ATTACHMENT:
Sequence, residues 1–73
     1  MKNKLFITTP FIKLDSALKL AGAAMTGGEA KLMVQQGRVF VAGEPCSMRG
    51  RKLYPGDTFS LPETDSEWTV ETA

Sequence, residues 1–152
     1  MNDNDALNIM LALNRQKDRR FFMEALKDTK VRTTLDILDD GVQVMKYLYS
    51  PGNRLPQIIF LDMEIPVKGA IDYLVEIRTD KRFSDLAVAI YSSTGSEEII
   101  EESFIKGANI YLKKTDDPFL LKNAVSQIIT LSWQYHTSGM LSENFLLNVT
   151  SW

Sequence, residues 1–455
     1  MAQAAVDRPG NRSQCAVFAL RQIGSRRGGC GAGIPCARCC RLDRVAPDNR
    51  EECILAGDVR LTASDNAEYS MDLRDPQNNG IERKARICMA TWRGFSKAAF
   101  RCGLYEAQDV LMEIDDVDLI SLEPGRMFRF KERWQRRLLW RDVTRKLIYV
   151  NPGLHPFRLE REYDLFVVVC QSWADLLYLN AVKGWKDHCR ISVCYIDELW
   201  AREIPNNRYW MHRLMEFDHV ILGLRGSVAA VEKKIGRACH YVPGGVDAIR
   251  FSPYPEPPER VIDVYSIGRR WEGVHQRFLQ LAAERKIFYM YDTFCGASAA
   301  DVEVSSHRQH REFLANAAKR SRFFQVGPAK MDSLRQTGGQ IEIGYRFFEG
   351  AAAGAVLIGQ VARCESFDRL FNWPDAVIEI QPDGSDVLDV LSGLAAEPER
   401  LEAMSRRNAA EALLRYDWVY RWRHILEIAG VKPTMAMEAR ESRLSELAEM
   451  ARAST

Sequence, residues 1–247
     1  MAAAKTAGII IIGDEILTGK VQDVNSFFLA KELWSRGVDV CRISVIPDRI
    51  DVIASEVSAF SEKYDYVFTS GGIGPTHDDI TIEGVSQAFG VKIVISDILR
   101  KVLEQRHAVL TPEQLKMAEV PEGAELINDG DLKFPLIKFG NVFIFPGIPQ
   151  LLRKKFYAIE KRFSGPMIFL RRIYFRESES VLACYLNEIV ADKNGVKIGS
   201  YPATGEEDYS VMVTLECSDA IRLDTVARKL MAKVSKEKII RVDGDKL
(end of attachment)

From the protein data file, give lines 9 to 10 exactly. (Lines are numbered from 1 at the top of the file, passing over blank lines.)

Sequence, residues 1–455
     1  MAQAAVDRPG NRSQCAVFAL RQIGSRRGGC GAGIPCARCC RLDRVAPDNR